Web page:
A white US Army veteran from Baltimore bent on making a racist attack took a bus to New York, the "media capital of the world," randomly picked out a black man who was collecting bottles on the street and killed him with a sword, police have said.
James Harris Jackson turned himself in at a Times Square police station early Wednesday, about 25 hours after Timothy Caughman staggered into a police precinct bleeding to death.
"I'm the person that you're looking for," Jackson told police, according to assistant chief William Aubrey. Jackson, who was arrested on suspicion of murder, told police he'd harbored feelings of hatred toward black men for at least 10 years, authorities said.
He traveled to New York on March 17 and had been staying in a Manhattan hotel.
"The reason he picked New York is because it's the media capital of the world and he wanted to make a statement," Aubrey said.
Jackson was wandering the streets in a long overcoat concealing a 26-inch sword when he encountered Caughman, who was collecting bottles from trash cans, police said.
Jackson stabbed him repeatedly in his chest and back, they said. Caughman, who was 66 years old and lived nearby in a transitional house, was taken to a hospital by police shortly after he arrived to the station house. He died at the hospital.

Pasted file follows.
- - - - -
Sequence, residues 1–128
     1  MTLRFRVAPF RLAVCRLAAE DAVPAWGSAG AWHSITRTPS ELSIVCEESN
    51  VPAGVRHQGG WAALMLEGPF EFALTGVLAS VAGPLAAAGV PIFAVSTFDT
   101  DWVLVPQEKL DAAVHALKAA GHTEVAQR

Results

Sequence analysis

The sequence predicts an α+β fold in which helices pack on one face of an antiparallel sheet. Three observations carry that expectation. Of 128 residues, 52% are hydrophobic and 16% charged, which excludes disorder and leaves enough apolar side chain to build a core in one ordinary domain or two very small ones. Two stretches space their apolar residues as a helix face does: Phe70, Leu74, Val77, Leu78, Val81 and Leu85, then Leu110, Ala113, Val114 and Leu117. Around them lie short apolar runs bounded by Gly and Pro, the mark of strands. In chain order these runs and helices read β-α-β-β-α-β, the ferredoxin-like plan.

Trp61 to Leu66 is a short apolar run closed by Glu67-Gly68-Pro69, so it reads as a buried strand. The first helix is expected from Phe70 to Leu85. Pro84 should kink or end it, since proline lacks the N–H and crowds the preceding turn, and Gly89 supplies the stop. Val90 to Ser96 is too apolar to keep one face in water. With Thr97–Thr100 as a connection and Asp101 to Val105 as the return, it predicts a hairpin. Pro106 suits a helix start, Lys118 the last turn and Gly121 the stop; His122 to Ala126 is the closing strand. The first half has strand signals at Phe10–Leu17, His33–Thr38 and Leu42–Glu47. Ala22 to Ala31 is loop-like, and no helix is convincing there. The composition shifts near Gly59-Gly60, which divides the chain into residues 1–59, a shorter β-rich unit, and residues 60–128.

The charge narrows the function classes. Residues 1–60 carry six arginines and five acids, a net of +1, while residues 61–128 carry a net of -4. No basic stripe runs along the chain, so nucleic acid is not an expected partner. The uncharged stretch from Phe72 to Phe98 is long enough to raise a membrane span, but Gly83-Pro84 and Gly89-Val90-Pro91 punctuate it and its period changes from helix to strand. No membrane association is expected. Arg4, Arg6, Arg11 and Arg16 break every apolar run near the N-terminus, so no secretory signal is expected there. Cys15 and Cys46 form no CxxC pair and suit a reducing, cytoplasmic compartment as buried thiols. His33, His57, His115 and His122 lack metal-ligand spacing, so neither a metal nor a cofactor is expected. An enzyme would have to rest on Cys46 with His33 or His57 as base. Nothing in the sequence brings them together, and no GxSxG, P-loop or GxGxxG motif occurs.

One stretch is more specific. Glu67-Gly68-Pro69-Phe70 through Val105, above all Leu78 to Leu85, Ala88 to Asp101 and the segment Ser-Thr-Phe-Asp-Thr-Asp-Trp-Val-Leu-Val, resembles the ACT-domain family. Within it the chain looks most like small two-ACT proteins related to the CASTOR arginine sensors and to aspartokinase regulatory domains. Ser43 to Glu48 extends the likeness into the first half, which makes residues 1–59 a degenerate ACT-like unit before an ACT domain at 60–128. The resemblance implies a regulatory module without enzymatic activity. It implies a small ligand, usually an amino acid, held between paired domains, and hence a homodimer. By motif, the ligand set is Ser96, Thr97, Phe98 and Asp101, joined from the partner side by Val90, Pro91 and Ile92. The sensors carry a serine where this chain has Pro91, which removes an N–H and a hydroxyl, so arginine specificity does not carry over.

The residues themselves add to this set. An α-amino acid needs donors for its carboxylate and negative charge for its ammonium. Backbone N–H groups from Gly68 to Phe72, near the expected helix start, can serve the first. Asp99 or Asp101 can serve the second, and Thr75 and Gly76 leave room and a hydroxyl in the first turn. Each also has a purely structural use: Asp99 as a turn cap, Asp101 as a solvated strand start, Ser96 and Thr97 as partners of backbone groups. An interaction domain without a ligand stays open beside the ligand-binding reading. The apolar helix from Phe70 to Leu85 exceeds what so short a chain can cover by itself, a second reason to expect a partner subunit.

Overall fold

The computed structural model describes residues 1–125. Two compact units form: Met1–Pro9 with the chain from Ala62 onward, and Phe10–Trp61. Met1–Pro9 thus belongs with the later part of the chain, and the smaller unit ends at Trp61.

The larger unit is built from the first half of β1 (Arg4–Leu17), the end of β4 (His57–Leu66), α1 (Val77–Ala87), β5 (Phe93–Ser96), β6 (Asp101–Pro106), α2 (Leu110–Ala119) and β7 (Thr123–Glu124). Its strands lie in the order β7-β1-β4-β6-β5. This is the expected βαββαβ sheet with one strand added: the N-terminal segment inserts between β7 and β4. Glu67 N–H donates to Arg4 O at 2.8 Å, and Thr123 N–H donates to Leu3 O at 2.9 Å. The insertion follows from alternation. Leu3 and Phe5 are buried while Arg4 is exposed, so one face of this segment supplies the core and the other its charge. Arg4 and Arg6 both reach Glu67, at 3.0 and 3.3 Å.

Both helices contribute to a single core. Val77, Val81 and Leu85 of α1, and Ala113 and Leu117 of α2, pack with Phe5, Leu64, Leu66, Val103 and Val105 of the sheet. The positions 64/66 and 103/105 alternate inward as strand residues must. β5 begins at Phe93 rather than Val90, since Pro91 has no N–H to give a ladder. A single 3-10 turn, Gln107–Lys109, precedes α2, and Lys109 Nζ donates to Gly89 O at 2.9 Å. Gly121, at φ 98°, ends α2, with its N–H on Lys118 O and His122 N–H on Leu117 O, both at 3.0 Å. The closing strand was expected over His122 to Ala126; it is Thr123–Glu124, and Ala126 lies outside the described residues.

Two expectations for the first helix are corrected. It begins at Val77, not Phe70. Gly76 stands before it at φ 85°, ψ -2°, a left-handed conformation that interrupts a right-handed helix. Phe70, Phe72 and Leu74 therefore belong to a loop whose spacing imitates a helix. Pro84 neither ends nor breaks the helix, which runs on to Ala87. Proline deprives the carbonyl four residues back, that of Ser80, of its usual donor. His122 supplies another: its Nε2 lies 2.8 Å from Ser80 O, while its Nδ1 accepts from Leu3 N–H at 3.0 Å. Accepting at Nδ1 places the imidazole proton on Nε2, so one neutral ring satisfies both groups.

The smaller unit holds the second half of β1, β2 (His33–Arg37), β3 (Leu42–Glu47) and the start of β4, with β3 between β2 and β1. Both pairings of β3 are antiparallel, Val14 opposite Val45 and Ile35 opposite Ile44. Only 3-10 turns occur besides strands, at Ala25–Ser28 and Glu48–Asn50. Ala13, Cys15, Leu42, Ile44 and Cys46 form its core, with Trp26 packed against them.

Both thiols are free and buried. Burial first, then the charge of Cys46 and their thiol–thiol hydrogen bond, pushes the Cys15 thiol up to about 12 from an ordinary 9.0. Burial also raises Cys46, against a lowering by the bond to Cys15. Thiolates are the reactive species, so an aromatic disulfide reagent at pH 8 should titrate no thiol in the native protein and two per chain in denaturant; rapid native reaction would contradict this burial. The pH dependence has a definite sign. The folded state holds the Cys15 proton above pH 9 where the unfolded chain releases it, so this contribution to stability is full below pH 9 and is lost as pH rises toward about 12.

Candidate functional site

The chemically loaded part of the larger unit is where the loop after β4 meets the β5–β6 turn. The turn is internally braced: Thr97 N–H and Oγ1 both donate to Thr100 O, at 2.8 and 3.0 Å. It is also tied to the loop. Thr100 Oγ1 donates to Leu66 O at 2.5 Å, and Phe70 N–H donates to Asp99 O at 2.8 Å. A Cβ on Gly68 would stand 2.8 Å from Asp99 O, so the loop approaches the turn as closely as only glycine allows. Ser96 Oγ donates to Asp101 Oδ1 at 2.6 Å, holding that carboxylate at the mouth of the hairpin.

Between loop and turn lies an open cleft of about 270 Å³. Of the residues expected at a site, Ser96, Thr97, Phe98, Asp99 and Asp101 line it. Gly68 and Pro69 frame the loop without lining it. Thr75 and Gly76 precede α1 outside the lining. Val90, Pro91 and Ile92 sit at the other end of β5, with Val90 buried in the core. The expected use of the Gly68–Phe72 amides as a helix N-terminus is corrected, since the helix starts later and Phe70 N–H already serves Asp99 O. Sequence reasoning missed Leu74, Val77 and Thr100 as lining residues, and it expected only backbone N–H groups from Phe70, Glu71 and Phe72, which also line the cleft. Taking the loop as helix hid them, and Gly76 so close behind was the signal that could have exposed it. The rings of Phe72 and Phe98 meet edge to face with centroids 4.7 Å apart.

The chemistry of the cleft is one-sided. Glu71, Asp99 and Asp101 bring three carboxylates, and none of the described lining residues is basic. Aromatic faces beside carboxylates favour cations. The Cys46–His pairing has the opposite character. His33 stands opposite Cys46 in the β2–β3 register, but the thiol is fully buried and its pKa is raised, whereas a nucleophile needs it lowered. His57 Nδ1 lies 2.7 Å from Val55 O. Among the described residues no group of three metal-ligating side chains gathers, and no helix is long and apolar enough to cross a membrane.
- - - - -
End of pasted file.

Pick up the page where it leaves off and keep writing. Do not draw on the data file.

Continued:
According to his Twitter page, he was an autograph collector and a music and movie lover who tweeted about John Lennon, Chuck Berry and the best St. Patrick's Day writing.
He said he'd like to visit California someday. After the attack, Jackson, who's 28, went to the bathroom of a nearby restaurant and washed off the blood from the killing, authorities said.
Investigators said they believed Jackson was considering other attacks but surrendered after noticing his photo in media reports. He had two knives and told investigators where they could find the sword, police said.
The sword was retrieved from a trash can not far from the scene. Video surveillance captured Jackson in the days leading up to the attack, and investigators said he had walked purposefully toward a black man but didn't attack him.
Jackson was expected to appear in court later Wednesday. It was unclear when he might get a lawyer who could comment on his case. He said nothing to reporters as he was led from a police station.
A call to his family's home phone rang unanswered. A former neighbor who tangled with Jackson over an apartment in Baltimore recalled him as "a piece of work" who fell months behind on rent. "He's just one of those people that you wish you never met," said Marcus Dagan, who had been informally managing the building on behalf of its then-owner and took Jackson to court over the rent.